W3C home > Mailing lists > Public > public-tracking@w3.org > October 2011

RE: [ISSUE-60] Will a recipient know if it itself is a 1st or 3rd party?

From: Shane Wiley <wileys@yahoo-inc.com>
Date: Sat, 15 Oct 2011 20:06:49 -0700
To: Bjoern Hoehrmann <derhoermi@gmx.net>, Kevin Smith <kevsmith@adobe.com>
CC: "public-tracking@w3.org" <public-tracking@w3.org>
Message-ID: <63294A1959410048A33AEE161379C8023D021027DB@SP2-EX07VS02.ds.corp.yahoo.com>
Another approach looks at the up-front development of domain strategy to simplify the 1st party and 3rd party distinction.

For any online service, it is suggested 2 sub-domains be created - one for internal (1st party) use and one for external (3rd party use).  As both a rooted to the same parent domain, the same cookie set can be accessed by both (as well as specific sub-domain cookies).

For example, ExampleCompany1 creates two sub-domains: ours.examplecompany1.com and yours.examplecompany1.com.  ExampleCompany1 would use "ours.examplecompany1.com" for internal use and would build and distribute technologies to be used by 3rd parties through "yours.examplecompany1.com".

While crisp up-front management is required to ensure the appropriate sub-domain is coupled and implemented correctly, all downstream data collection becomes simple as any data collected through the internal sub-domain should be considered 1st party and all data collected through the external sub-domain would be considered 3rd party.

Of course, any service that is purely 3rd party or 1st party would not need to go through this approach but it wouldn't be difficult to follow it nonetheless just in case a product or service expands its scope of deployment in the future.

- Shane

-----Original Message-----
From: public-tracking-request@w3.org [mailto:public-tracking-request@w3.org] On Behalf Of Bjoern Hoehrmann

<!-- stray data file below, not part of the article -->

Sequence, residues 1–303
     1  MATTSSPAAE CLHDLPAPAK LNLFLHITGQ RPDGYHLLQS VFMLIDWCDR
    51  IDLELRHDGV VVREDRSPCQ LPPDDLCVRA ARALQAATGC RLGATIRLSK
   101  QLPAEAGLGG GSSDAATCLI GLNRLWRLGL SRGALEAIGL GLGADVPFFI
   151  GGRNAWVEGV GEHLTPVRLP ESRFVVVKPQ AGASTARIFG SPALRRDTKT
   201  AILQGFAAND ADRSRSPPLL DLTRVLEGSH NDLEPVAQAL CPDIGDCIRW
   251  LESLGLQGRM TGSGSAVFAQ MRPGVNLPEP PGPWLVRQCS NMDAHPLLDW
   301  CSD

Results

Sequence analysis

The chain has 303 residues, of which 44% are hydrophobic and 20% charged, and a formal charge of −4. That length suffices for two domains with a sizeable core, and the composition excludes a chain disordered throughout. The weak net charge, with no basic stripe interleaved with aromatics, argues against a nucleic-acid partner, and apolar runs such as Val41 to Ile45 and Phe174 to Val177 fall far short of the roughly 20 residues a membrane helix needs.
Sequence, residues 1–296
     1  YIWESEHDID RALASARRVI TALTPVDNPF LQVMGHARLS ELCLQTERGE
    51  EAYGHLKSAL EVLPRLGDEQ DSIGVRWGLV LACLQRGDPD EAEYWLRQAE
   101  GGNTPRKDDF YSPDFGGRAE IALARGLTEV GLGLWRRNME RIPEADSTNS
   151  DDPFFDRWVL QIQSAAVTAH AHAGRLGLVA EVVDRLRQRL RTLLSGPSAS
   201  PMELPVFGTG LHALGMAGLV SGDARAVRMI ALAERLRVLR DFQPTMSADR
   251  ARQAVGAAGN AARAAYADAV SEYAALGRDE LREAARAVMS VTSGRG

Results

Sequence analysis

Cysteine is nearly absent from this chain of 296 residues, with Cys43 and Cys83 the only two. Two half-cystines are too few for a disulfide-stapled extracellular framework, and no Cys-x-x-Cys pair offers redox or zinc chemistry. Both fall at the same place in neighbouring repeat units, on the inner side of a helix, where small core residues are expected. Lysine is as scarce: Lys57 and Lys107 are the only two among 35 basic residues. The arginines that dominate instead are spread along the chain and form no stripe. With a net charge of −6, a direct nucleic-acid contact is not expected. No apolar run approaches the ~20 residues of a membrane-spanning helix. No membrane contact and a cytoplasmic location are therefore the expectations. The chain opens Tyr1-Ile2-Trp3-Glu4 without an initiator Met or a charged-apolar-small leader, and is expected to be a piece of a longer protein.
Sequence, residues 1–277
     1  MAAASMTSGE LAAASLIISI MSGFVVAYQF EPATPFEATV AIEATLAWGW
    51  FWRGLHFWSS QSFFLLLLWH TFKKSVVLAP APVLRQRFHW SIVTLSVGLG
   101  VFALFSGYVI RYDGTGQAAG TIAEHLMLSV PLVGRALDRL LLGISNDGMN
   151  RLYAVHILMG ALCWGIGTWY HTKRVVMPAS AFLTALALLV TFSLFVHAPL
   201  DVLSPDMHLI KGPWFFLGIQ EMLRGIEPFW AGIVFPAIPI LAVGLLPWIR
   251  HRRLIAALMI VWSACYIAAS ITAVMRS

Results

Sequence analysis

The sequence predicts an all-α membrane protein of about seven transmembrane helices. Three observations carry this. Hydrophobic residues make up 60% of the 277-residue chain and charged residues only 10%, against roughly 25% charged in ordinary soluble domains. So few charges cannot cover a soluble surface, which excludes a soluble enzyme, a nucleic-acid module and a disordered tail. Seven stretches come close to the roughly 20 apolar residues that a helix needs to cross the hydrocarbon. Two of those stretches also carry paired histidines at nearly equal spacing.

Sent: Saturday, October 15, 2011 6:18 PM
To: Kevin Smith
Cc: public-tracking@w3.org
Subject: Re: [ISSUE-60] Will a recipient know if it itself is a 1st or 3rd party?

* Kevin Smith wrote:
>In Boston, we talked about how in some cases such as iFrames, a site or
>service may not know whether it was 1st or 3rd party.  As I thought more
>about this, I think the problem might actually be much more widespread
>than iframes.  I do not think there is any generic way to determine if
>even a normal request is a 3rd or 1st party request, because the server
>does not know what domain or site the user is actually on.

You can't tell from an arbitrary HTTP request where the top-level window
in a user's browser is from in all cases, that is correct. Reasons in-
clude that the HTTP request might not be coming from a user agent that
has a concept of a top-level window. With the "differently-branded" con-
cept, I myself as a citizen would not be able to tell 1st and 3rd party
apart either. Is flickr a 1st party when I read my Yahoo! mails? Is some
foo.example.com host 1st party from www.example.com even if the former
is mapped to some "obviously" 3rd party host?

>In other words, it's much easier to say "this is a 1st party than "this
>is not a 1st party", although even that may be inaccurate sometimes.

If it is relatively easy to establish that you are the first party, you
can assume that when you do not positively establish that, then you are
the third party; that would make both determinations equally "easy" even
if the determinations might not be equally as accurate.

>Consequently, I do not think its technically feasible to come up with a
>method or combination of methods that would always accurately determine
>party.  And if it were possible, it is probably outside the scope of
>this document.

I agree that formulating some algorithm that would deterministically
answer who in some particular situation is first party and who is not,
that suits everybody in all circumstances is probably impossible, but I
also do not see why that would be a requirement or why that could not be
met by changing the status quo. If browser can know who is 1st and who
is 3rd party, they can put that information into their requests, for
instance. If the group wishes to discriminate between 1st and 3rd party
requests, I would not regard such a requirement as out of scope either.
-- 
Björn Höhrmann · mailto:bjoern@hoehrmann.de · http://bjoern.hoehrmann.de
Am Badedeich 7 · Telefon: +49(0)160/4415681 · http://www.bjoernsworld.de
25899 Dagebüll · PGP Pub. KeyID: 0xA4357E78 · http://www.websitedev.de/ 
Received on Sunday, 16 October 2011 03:07:59 UTC

This archive was generated by hypermail 2.3.1 : Friday, 3 November 2017 21:44:41 UTC